Tuesday, 5 March 2013

I Have a Confession...

I am kind of ashamed as I write this, but I can't remember the last time I went to receive the Sacrament of Reconciliation. My husband, bless his beautiful God-loving heart, tries to go as often as he can. He even has a Spiritual Director who hears his confession by appointment. My dear husband makes time for Confession because he knows how important it is to him, and leaves feeling his heavy burdens have been lifted. Every time he comes back home after being washed clean, he is a different man, a happier man, a man filled with grace. I want to hold him closer and try to get some of that grace by osmosis.

And then there's me. I'm sure I've gone since, but the last time I know for sure I went for confession was when I was in Rome for a month. That was in November 2004. I'm sure I went once or twice in 2005-2006 (which was when I was in the Franciscans and then when I got married). I've also attended general absolution. Before that trip I had a close friend who was a priest who would hear my confession, with whom I felt so comfortable sharing all the darkness in me. He took me seriously, talked things out, and gave me penance that challenged me and helped me grow stronger against my sins. Then he moved away. I'd had some good experiences with other confessors, but nothing really clicked. I was relying too much on their ability (or lack thereof) to talk things out, and not enough on the fact that through them Christ was reaching out His hand to take away my sins and relieve my burdens.

I grew up in the days when private reconciliation was very uncommon. My parish ran frequent third rite Reconciliation services where we'd all be communally cleansed. My father was never big on Confession from what I could tell (or if he was, he didn't share it with me) and my mother was a recent convert and hadn't been able to make the leap about this Sacrament. The year of catechism that was supposed to have First Reconciliation, my parents didn't send me. I had my First Reconciliation in High School after I'd had my conversion, and was overwhelmed and puzzled by the experience. Since then I've always struggled to force myself to seek it out. I was so lucky to meet a priest who was able to gently teach me the value of the Sacrament, and also to walk me through the process. He helped me realize that this was a Sacrament, something I needed, something given to me as a gift to heal my heart, cleanse my spirit, and help me grow in strength of resolve. Whether or not it's delivered the way "I like it" (whatever that means), the Sacrament of Reconciliation is a conduit of grace and mercy.

Even knowing that Reconciliation itself is a grace and not a burden, I've still managed not to seek it out for far too many years. It's not like I haven't needed it. I try always to be a really positive person and to live my faith inside and out, I am by no means perfect. I am not a perfect friend, wife, mother, daughter, or Christian. Sometimes I'm downright bad at all of those things. For far too long I've been using motherhood as an excuse not to force myself out the door. I'm still plagued by nervousness and fear of Confession. God knows my sin, and yet I am afraid I'm going to go into the Confessional and God will shake His head at me. Sounds silly. I know.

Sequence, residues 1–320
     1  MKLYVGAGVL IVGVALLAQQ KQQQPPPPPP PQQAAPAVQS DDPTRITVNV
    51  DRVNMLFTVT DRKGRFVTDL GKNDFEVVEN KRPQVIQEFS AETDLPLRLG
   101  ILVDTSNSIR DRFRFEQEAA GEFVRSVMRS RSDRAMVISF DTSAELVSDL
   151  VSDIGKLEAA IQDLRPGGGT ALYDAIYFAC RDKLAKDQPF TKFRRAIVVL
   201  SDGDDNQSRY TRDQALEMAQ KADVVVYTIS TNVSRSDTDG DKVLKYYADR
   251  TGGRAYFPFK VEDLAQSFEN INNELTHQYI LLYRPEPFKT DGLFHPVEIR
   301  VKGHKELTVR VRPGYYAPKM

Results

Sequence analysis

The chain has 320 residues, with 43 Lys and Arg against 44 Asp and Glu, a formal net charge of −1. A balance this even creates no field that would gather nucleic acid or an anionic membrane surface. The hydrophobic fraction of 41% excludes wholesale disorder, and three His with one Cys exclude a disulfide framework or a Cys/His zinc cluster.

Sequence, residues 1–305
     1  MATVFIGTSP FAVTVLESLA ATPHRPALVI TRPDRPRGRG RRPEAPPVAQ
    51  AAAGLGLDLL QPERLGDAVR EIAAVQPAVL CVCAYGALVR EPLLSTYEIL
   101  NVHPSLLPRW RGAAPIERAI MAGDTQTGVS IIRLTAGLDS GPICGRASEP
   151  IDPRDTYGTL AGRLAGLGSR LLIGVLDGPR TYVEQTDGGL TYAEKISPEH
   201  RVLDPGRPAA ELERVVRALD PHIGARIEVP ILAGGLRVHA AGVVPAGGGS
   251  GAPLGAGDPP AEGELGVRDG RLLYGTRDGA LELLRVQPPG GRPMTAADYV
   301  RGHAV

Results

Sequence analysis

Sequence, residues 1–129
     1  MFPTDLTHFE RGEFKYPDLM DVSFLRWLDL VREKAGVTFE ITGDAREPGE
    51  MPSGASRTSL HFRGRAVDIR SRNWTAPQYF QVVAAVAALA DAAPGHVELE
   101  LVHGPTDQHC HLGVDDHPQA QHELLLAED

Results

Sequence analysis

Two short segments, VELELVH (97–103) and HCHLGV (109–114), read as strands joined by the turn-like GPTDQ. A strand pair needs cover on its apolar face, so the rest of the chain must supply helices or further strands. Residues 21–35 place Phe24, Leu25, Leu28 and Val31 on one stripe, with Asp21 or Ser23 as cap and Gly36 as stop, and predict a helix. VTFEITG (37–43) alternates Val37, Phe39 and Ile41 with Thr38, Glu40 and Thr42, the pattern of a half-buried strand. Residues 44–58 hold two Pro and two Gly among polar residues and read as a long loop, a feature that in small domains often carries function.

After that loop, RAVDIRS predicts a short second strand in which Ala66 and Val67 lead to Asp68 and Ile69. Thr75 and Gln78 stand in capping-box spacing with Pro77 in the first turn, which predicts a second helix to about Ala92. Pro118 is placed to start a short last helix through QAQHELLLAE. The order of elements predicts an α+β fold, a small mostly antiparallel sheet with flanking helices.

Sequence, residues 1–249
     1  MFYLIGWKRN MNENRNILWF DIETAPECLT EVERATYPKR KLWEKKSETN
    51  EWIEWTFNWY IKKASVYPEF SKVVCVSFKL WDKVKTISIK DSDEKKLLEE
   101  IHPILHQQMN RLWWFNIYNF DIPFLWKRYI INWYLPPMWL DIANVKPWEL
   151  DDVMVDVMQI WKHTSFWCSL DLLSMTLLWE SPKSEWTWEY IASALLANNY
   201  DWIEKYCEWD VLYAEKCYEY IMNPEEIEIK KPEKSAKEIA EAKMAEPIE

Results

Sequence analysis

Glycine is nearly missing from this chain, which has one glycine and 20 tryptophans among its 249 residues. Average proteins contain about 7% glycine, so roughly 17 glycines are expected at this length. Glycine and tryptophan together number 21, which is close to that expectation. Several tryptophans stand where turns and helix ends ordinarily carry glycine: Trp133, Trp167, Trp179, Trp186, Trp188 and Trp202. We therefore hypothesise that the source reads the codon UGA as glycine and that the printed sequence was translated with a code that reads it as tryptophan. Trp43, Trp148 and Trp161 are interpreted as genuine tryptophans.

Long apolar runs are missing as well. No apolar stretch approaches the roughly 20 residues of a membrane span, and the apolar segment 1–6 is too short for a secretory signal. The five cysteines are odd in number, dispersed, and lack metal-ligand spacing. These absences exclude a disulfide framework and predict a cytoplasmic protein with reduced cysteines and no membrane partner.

So this Lent, I'm forcing myself out the door. I'm going to answer the dulled whisper of my heart calling me to reconcile myself to God. I want to say I'm sorry to Jesus for the the scourge of my sins, the nails of my faults, and run back into God's arms crying mercy. On Easter, I will be able to remember that the Cross is the happy fault that redeems me, not an endless sacrifice I won't accept. Pour on the mercy, Lord. Fill me with Your Grace. Help me through the Sacrament of Reconciliation to draw closer to Your Cross and to go forth and sin no more.


  1. I too dread Confession. Being 30 years older than you, I did grow up with regular private Confession, but became scrupulous in my early teens and it became very painful. The changes with Vatican II let me off the hook and I didn't go for years.
    Only in the last few years have I returned with any regularity. I heard a priest say try to go once each season and that works for me.
    I try to go to the same confessor as I find him very good for me, he listens and gives great advice, and has wonderful insights that he shares.
    Going is still hard, but becomes easier each time. You will find the same, I am sure.

    1. You really are my soul sister! I'm afraid of rejection, but also that my confessor will tease me for my scruples (happened once...). Once a season is a great goal. I already know who I'll seek out when I go to confession, although I suspect he's very popular. Worth the wait for someone I can trust. I miss Bishop Terry, he was an amazing confessor!

      Thank you for sharing this. It really lifted my spirits. I'm already feeling a little anxious, but I'm sure that the woman clutching at Jesus' robes felt pretty anxious too!

  2. Yahoo! I made it to Reconciliation tonight after our mission!